Vir­ginia can’t af­ford not to em­brace Obama care

The Washington Post Sunday - - METRO - Robert Mccart­ney

Hav­ing failed to stop Obama care in the Supreme Court or the pres­i­den­tial elec­tion, con­ser­va­tives still might sab­o­tage at least part of it in such GOP-con­trolled states as Vir­ginia.

Gov. Bob McDon­nell and some fel­low Repub­li­cans in the leg­is­la­ture are con­sid­er­ing block­ing one of the pro­gram’s key re­forms: ex­tend­ing Med­i­caid, the fed­eral health in­surance pro­gram for the work­ing poor.

That would be a costly mis­take, for two rea­sons. First, it would mean a missed op­por­tu­nity to help hun­dreds of thou­sands of Vir­gini­ans strug­gling to make ends meet.

The po­ten­tial re­cip­i­ents aren’t dead­beats, as op­po­nents of the health law of­ten make them out to be. More than two-thirds are in house­holds where some­one works but does not earn enough to af­ford pri­vate health in­surance.

One is Jesse Carr, 58, of Lees­burg. The former Navy Se­abee earns $11 an hour as a home health-care worker. He gave up health in­surance six years ago be­cause it was too ex­pen­sive. That means he can’t get a colonoscopy or dental work he knows he needs.

“If you’ve got a job with in­surance, you’re lucky,” Carr said. “A lot of peo­ple don’t have it. Any­body who waits on you at a restau­rant prob­a­bly doesn’t have it.”

Vir­ginia Repub­li­cans said ini­tially that help­ing peo­ple like Carr is a lux­ury the state can’t af­ford.

But it turns out that judg­ment was based on faulty arith­metic. That’s the sec­ond rea­son Med­i­caid should be ex­tended.

Be­cause of how Obama care is struc­tured, states give up bil­lions of dol­lars in fed­eral grants if they keep Med­i­caid un­changed. Repub­li­can gov­er­nors have sheep­ishly con­ceded that point with dra­matic turn­arounds to ac­cept the ex­pan­sion in Ohio, Ari­zona and else­where.

The same logic holds for Vir­ginia. In the first five years of the Af­ford­able Care Act, ac­cord­ing to an anal­y­sis by the Vir­ginia Hospi­tal and Health­care As­so­ci­a­tion, the Old Do­min­ion would forgo re­ceiv­ing $9.9 bil­lion for Med­i­caid pay­ments to Vir­ginia ci­ti­zens if it re­fused to ex­pand the pro­gram.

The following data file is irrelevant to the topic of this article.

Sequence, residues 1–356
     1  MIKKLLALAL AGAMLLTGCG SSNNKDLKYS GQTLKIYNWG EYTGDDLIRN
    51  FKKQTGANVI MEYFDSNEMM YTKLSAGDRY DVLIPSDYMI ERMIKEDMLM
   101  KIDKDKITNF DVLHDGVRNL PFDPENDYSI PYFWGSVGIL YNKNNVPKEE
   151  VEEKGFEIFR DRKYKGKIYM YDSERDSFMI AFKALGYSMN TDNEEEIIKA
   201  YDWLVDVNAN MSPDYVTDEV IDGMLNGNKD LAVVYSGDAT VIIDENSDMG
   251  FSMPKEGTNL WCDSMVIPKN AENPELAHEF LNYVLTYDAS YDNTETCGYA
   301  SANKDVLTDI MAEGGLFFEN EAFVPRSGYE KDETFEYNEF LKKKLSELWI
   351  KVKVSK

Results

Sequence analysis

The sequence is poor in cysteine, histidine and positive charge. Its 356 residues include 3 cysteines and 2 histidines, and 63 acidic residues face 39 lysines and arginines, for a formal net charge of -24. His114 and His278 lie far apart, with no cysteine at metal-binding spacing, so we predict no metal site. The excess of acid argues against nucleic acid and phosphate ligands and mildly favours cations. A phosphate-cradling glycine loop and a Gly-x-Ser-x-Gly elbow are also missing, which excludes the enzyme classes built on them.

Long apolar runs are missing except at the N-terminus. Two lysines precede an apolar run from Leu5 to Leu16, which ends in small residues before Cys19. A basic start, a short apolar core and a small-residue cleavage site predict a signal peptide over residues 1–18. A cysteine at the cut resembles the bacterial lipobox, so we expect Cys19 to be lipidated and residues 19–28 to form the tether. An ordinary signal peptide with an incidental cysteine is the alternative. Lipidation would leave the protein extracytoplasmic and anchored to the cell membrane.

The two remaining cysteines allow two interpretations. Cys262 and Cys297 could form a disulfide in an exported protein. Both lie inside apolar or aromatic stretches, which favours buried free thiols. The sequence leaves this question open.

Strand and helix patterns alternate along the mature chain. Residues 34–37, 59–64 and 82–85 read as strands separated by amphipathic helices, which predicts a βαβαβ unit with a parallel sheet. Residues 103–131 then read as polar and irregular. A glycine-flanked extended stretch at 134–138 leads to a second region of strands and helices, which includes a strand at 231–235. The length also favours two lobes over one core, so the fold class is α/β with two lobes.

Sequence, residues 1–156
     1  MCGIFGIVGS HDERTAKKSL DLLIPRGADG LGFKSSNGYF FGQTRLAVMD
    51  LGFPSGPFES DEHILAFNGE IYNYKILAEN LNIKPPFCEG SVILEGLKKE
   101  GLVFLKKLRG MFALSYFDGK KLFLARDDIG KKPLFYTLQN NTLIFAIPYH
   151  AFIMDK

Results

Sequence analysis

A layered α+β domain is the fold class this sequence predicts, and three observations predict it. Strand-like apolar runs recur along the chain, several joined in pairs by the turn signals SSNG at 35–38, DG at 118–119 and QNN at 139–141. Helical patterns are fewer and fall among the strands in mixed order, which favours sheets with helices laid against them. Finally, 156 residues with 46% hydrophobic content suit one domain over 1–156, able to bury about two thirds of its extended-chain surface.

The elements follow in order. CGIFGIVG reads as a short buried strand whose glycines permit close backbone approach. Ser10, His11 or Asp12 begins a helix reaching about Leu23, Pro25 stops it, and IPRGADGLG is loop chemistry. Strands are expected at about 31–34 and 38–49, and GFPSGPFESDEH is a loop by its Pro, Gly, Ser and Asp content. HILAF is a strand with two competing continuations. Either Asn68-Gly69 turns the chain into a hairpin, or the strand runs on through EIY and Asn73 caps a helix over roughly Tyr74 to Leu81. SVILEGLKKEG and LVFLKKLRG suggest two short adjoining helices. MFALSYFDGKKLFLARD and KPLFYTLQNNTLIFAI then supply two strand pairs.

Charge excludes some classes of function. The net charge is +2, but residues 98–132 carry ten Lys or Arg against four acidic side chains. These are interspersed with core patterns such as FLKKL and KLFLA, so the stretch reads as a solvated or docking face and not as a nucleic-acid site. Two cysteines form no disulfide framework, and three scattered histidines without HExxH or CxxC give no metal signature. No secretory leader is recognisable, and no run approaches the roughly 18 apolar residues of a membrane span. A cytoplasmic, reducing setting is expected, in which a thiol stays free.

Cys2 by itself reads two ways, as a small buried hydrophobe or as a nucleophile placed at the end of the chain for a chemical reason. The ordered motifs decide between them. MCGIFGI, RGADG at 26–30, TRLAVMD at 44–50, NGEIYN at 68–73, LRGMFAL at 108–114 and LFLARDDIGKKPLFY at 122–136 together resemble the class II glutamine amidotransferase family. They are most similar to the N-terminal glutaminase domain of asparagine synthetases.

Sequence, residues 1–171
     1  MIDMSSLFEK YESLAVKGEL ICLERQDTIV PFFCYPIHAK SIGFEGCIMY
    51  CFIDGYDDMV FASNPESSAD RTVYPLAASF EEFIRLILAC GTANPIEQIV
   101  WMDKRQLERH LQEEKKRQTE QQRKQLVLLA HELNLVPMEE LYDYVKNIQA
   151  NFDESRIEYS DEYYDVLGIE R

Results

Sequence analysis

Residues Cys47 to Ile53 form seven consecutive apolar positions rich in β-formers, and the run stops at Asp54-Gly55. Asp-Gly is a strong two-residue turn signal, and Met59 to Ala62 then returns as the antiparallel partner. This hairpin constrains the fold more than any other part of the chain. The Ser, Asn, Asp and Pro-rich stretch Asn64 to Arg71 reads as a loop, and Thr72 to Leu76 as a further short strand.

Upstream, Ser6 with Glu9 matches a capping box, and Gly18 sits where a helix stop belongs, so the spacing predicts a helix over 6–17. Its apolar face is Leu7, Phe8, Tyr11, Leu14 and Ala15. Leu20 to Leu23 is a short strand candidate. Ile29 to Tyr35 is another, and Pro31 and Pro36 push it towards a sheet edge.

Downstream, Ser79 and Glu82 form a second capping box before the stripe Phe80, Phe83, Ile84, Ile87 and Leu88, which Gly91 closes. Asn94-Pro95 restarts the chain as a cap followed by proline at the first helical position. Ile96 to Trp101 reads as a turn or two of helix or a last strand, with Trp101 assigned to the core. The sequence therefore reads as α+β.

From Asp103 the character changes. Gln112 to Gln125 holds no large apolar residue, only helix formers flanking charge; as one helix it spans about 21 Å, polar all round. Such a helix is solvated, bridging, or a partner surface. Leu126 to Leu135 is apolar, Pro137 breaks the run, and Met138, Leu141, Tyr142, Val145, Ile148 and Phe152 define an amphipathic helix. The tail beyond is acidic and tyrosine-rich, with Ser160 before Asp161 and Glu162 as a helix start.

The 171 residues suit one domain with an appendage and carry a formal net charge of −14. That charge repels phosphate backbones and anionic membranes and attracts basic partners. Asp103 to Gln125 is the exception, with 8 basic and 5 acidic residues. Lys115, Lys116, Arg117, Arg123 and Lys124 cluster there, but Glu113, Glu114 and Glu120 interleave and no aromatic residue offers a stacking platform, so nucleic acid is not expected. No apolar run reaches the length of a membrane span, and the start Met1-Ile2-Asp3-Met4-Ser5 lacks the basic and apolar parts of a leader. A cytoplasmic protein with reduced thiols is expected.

More­over, re­gard­less of what the state does, Vir­gini­ans will pay $10.2 bil­lion in ex­tra taxes be­cause of Obama care.

Which would you rather do? Pay more than $10 bil­lion in taxes and get none of it back for ben­e­fits? Or get back nearly all of it if you’re will­ing to swal­low your pride and set aside your re­flex­ive anti-government ide­ol­ogy?

In ad­di­tion, look­ing just at the state bud­get over the five years, ex­pand­ing Med­i­caid would yield a net ben­e­fit for Vir­ginia of $317 mil­lion.

In light of those num­bers, McDon­nell and some other Vir­ginia Repub­li­cans have started hedg­ing their bets as the moment of de­ci­sion ap­proaches in the cur­rent Gen­eral As­sem­bly ses­sion.

Many in the GOP are now say­ing they might ex­tend Med­i­caid af­ter all, pro­vided the move is ac­com­pa­nied by re­forms to curb the cost of the pro­gram. (They also want an op­tion to pull back if the fed­eral government scales back its promised pay­ments.)

I’m all for such re­forms, in prin­ci­ple. They would help ful­fill one of Obama care’s over­looked goals of rein­ing in health-care costs. Wor­thy changes would in­clude re­duc­ing un­needed emer­gency room vis­its and med­i­cal tests.

In prac­tice, though, there’s a fair chance that Vir­ginia Repub­li­cans will use the need for cost-cut­ting as an ex­cuse to pre­vent Med­i­caid from ex­pand­ing at all.

If they did so, it would be largely be­cause they can’t get past the mis­taken idea that the peo­ple who’d ben­e­fit don’t de­serve the help.

“There seems to be a mis­im­pres­sion about who th­ese folks are. They are hard­work­ing peo­ple who’ve done ev­ery­thing right . . . but the price [of health in­surance] kept go­ing up and up, or all of a sud­den their em­ployer dropped it,” said Deb­o­rah Oswalt, ex­ec­u­tive di­rec­tor of the Vir­ginia Health Care Foun­da­tion.

Con­sider Vel­lon Har­ris, 48, of Ar­ling­ton. Like Carr, she’s a home health worker who cares for mostly el­derly pa­tients. Her wages, $11.46 an hour, are cov­ered by Med­i­caid. But she earns too much to be el­i­gi­ble for that pro­gram and can’t af­ford pri­vate in­surance her­self.

Har­ris can’t af­ford doc­tor’s vis­its and re­lies on the emer­gency room when nec­es­sary, such as when she needed surgery to re­move gall­stones a year ago. When she got sick with flu­like symp­toms in late Novem­ber, she suf­fered through it.

“No money, no any­thing. I was tired, sweat­ing, aching. I couldn’t get up, couldn’t eat,” Har­ris said. “I lay there. I couldn’t do any­thing but pray.”

For the sake of bud­get sense and com­mon de­cency, Vir­ginia shouldn’t turn down bil­lions of dol­lars to im­prove life for Har­ris and oth­ers like her.

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